Remuage and metodo charmat. Pupitres and liquer de tirage. Degorgement, sur lies and pas dosè. The magic of sparkling wine lies also in its words. It has been this way since the jolly Benedictine monk Dom Perignon perfected sparkling wine production in Hautvillers, a famous village of Champagne, forever influencing the dictionary of the wine world.
If you don’t know French, don’t worry; at Casa Coppo we use those words every day to make sparkling wine, and we’ll fill you in on what they mean. For over a century, since the first Italian sparkling method was patented in Canelli, we’ve been producing high quality spumanti that today are recognized and awarded around the world (just take a look at the 95/100 points our Riserva Coppo received from the guide of Daniele Cernilli).
So uncork a Metodo Classico, invite over your friends or family for dinner, and mention a couple of these sparkling French words. Ca va sans dire, you’ll definitely impress them!
- CHAMPENOISE (bonus word: SUR LIES)
This is where it all starts. The method champenoise is the traditional method, also known as METODO CLASSICO, which distinguishes artisan production of sparkling wines from spumante. In this method, the wine undergoes a series of manual operations discussed below and a long bottle aging that allows the secondary fermentation to begin. During the aging and secondary bottle fermentation, the wines develop aromas while resting on their lees, sur lies, or their yeasts that initiated fermentation.
2. CUVÉE (bonus word: MILLÉSIME)
The process starts with the “base wine,” which may be a cuvée (or mix) of various grape varieties, the most common of which are pinot nero and chardonnay. If the cuvée is composed of at least 85% of grapes of the same vintage, then the spumante is called “millesimato” or millésime and the vintage is indicated on the bottle. Millesimato sparkling wines, like our Clelia Coppo, Riserva Coppo, and Piero Coppo, are considered the most prestigious. Since they are normally made with a higher-quality base wine, they are able to age and express the uniqueness of their vintage.
3. PRISE DE MOUSSE (bonus word: LIQUER DE TIRAGE)
For a wine to become a sparkling Metodo Classico, selected yeasts and sugar (called liquer de tirage) are added during the bottling. Together, these initiate the secondary fermentation. The carbonation that results from fermentation remains trapped in the bottle, producing the effervescence, a process called the prise de mousse. Once the second fermentation has completed, the wine will undergo another aging in contact with the yeasts (sur lies, as stated above). How long the wine ages depends on the importance of the sparkling wine and winemaker’s choice. For the best sparkling wines, aging can last for years. After having served their initial function in producing carbonation, the yeasts have still not exhausted their activity; if left in the wine, they continue to enrich it, making it more elegant and aromatically complex.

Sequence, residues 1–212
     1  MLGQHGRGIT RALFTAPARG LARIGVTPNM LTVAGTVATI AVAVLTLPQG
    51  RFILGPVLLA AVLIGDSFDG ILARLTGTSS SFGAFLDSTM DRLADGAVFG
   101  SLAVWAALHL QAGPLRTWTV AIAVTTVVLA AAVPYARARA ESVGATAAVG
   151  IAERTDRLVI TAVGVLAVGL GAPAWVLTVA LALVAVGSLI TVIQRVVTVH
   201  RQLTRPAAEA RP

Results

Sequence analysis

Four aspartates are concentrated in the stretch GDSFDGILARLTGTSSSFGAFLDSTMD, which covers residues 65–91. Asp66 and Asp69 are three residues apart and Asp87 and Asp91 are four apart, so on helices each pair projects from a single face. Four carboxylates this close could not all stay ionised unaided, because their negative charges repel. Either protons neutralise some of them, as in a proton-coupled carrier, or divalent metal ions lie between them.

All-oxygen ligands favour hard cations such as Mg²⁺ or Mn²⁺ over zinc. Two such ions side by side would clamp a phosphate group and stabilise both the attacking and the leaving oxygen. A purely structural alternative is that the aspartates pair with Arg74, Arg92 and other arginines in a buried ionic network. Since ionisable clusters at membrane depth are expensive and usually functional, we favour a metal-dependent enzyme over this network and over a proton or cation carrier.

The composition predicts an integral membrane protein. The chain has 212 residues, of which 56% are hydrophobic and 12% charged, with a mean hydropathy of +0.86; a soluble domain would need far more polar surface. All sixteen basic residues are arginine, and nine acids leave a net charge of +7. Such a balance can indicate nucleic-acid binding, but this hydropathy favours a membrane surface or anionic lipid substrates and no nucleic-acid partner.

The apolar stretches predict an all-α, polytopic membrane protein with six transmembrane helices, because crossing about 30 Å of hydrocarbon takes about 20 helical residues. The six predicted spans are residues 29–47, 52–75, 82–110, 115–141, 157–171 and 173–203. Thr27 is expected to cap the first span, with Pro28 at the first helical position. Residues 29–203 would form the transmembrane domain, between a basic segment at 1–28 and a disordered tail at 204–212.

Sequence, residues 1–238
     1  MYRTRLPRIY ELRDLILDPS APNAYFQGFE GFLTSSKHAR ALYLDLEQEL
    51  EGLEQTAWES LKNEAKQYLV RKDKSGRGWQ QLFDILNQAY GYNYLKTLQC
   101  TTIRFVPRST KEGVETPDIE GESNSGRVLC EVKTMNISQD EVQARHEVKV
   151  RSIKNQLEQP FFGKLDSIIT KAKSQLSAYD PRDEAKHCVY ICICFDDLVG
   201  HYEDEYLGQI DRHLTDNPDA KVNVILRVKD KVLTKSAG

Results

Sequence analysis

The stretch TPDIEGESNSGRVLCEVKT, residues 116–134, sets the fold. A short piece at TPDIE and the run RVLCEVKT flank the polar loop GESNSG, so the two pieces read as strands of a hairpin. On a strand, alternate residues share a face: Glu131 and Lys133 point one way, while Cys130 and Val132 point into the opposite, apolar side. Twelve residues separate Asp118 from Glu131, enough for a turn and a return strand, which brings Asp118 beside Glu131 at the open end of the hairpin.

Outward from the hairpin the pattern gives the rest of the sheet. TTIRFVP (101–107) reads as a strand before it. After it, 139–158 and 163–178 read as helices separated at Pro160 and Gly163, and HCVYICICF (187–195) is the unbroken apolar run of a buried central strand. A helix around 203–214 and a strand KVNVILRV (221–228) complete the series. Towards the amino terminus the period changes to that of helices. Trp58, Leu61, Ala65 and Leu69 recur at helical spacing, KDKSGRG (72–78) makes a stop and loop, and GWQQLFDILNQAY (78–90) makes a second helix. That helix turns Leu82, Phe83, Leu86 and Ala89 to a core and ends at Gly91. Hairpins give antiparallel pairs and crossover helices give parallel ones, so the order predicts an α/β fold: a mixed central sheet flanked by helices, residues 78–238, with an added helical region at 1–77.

4. REMUAGE (bonus word: DEGORGEMENT)
To present a clear wine to sell, the yeast, or lees, must be removed. The bottles are thus positioned at a downward-facing angle on A-frame racks called pupitres, and the riddling, or remuage, begins. This consists of giving the bottles a small shake and rotating them, often manually, by an eighth of a circle each day until the full rotation is complete. These two movements help the lees gradually move down towards the neck of the bottle. Once they are all there, the winemaker can begin degorgement (disgorgement), or extracting the lees, leaving the wine completely limpid. The neck of the bottle is frozen, and when it is opened, the contained pressure within the bottle pushes out the frozen sediments.
5. LIQUER D’EXPEDITION (bonus word: À VOTRE SANTÉ)
Once disgorgement is completed, the winemaker must bring the bottles back to the correct level, as some wine is inevitably lost during disgorgement. Two liquids may be added: a liquer d’expedition, or more of the wine itself, making a wine called “dosaggio zero” (zero dosage). The liquer d’expedition is usually a mix of wine and sugar, but may also include a minimal quantity of spirits. The dosage varies from producer to producer, so much as to give the sparkling wines a unique producer signature. It is the final touch in the complex enological art of making a Metodo Classico.
6. À VOTRE SANTÉ
Don’t forget to stopper the bottle and, for the final French touch to your evening, toast with, “À votre santé, to your health!”